#124 – Narrow Gauge in West Lancashire

OK, not my usual style as it’s not black and white, but I made the short journey to the West Lancs Light Railway for it’s Quarry Engine gala. I’ve often cycled to their base at Hesketh Bank as it’s a pleasant ride from Chorley, but they don’t seem to run on Saturdays when I tend to use my bike!

It’s only a short line, but it’s nice and neat with a small workshop, engine sheds and  neat little terminus named Becconsall. The line is about half a mile or so but there are ambitions to extend the line to the River Douglas, which would give a line of over a mile. This is linked in with council plans to turn the adjacent wasteland into a park, so this may take some time to come to fruition given the current problems with funding in local authorities. It’s quite unusual in that the railway is not on the trackbed of a previous railway (although the trackbed of the old West Lancashire line from Preston to Southport runs nearby) but was a former brickworks that did have some internal railways and the railway did use some of their old track and materials. 

But back to the present, the short running line did mean that train services were frequent, which was probably for the best as I probably wouldn’t want to travel too far on a wooden bench! The track is well laid though, and there was negligible rocking around which was good considering it is a 2 foot gauge and the carriages were probably 5- 6 foot wide.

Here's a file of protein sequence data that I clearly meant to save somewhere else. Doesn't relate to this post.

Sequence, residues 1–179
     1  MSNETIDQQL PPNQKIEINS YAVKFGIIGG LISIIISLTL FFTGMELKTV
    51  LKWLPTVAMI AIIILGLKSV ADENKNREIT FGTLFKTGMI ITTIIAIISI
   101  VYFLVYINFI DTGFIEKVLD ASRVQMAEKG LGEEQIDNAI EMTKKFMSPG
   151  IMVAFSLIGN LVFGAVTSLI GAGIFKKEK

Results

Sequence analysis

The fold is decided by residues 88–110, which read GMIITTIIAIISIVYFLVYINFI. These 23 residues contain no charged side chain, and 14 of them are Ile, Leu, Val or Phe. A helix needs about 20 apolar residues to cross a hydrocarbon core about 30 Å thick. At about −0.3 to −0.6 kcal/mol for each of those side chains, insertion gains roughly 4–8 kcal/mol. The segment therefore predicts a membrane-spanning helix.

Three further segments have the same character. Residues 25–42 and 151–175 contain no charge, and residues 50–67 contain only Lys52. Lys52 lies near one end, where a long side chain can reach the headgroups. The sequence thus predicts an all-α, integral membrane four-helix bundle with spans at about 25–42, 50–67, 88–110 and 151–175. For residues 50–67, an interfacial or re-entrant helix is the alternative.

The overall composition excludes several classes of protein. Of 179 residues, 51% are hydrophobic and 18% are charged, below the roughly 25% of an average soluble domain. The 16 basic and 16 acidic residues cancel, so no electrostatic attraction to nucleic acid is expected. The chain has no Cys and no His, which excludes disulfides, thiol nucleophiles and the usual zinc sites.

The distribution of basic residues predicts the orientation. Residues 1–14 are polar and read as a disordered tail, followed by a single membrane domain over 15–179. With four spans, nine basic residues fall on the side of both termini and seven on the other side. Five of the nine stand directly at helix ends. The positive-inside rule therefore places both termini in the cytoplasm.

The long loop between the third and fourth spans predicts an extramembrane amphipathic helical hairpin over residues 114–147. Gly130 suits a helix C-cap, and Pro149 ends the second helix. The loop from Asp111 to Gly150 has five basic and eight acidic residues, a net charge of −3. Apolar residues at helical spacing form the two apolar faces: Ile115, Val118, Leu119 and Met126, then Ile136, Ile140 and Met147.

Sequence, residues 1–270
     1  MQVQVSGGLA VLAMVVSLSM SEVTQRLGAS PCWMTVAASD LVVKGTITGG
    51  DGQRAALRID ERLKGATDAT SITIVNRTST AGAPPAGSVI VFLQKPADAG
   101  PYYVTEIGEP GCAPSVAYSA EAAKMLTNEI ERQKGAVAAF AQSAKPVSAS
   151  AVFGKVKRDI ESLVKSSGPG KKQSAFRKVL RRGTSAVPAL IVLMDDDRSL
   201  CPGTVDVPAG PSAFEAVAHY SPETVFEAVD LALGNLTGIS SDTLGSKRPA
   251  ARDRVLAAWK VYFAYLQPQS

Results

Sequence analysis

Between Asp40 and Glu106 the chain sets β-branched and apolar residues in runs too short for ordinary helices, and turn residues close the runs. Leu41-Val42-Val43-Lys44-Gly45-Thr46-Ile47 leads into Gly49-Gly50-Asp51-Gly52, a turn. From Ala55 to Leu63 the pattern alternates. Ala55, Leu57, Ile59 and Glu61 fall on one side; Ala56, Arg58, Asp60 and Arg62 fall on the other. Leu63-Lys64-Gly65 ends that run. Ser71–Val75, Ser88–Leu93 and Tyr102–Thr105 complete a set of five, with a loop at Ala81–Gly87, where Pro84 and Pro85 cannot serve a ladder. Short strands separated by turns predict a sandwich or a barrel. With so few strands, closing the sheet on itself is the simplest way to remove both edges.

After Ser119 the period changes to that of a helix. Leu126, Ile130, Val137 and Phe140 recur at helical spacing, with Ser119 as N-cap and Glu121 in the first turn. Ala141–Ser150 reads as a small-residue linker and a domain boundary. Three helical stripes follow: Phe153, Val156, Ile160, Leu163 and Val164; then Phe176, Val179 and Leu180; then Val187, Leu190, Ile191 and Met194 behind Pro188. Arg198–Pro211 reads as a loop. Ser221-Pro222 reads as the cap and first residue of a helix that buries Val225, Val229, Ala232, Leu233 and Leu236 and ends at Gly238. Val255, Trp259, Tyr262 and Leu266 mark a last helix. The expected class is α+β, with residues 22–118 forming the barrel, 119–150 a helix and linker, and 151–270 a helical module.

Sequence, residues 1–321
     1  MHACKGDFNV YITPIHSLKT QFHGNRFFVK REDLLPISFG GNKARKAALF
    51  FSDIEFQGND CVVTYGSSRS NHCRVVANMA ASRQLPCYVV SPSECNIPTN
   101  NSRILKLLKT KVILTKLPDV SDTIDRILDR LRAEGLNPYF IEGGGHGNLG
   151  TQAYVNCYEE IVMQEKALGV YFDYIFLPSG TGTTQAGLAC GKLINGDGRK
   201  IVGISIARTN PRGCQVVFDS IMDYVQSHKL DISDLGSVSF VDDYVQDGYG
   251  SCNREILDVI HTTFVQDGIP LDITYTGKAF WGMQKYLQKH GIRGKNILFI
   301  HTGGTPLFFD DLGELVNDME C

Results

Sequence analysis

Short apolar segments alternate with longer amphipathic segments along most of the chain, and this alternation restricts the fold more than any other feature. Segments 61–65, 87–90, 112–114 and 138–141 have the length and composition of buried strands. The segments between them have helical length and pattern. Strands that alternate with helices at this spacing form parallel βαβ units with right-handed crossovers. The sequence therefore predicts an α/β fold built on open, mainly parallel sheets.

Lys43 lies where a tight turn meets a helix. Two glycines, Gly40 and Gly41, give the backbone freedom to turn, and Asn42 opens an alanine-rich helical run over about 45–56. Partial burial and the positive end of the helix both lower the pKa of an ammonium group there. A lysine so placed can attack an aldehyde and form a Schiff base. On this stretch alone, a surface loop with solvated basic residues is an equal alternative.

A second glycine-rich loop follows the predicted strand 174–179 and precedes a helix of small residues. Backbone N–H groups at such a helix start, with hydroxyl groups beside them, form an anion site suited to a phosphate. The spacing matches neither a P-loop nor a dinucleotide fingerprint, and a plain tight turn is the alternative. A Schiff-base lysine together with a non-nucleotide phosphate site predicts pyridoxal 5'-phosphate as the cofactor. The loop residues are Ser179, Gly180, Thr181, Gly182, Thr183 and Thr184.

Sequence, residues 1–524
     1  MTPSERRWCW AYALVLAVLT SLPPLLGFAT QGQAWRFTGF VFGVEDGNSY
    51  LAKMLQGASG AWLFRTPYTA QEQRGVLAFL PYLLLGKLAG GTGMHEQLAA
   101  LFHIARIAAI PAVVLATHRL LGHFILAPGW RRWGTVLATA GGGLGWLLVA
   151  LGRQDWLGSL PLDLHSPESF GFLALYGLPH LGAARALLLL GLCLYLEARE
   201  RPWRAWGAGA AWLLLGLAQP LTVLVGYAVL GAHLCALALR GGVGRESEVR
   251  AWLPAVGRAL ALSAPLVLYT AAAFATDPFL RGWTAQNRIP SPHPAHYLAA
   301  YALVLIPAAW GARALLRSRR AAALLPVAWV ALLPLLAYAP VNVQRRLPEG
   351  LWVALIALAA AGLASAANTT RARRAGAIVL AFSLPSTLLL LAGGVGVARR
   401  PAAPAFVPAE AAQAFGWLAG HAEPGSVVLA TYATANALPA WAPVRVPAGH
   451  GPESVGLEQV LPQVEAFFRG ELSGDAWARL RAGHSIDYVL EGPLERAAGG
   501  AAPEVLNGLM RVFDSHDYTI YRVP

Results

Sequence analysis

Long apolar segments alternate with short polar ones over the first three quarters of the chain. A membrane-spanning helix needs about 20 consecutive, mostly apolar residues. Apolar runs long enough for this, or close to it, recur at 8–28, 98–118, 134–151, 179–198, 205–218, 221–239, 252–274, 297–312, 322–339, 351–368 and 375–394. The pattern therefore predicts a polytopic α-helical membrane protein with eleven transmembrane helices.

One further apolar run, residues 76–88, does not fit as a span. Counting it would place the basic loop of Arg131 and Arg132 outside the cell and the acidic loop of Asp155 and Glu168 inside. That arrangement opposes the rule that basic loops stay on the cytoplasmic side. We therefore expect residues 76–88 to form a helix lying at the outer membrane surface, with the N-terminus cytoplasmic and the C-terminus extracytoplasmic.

The railway is home to a few European steam engines, but it was the engines from the Welsh Quarries that were the attraction, with the ex-Penrhyn pair Stanhope and Edward Sholto being re-united and the resident ex-Dinorwic engine ‘Irish Mail’, which was of particular interest to me as I’d visited Dinorwic quarry last year. It was interesting to hear that the Dinorwic drivers preferred the engines without cabs, not sure whether that was down to the improved visibility or just preferring to tackle the elements head on!


Utrillas, a German built loco from Orenstein & Koppel. This almost has the look of some sleepy backwater Mediterranean narrow gauge.

Stanhope approaching Becconsall. They’ve done a nice job on the station – the water tower is very neat.

Inevitable close up.  I do like a nice brass tap.

3 Comments Add yours

  1. Ian Krause says:

    Utrillas is an old coal-mining town in northern Spain. Could this loco perchance have been based there during its working life?


    1. andy says:

      Sounds about right Ian – the West Lancs website doesn’t say much other than ‘Ex Minas de Utrillas, Zaragoza, Spain’.


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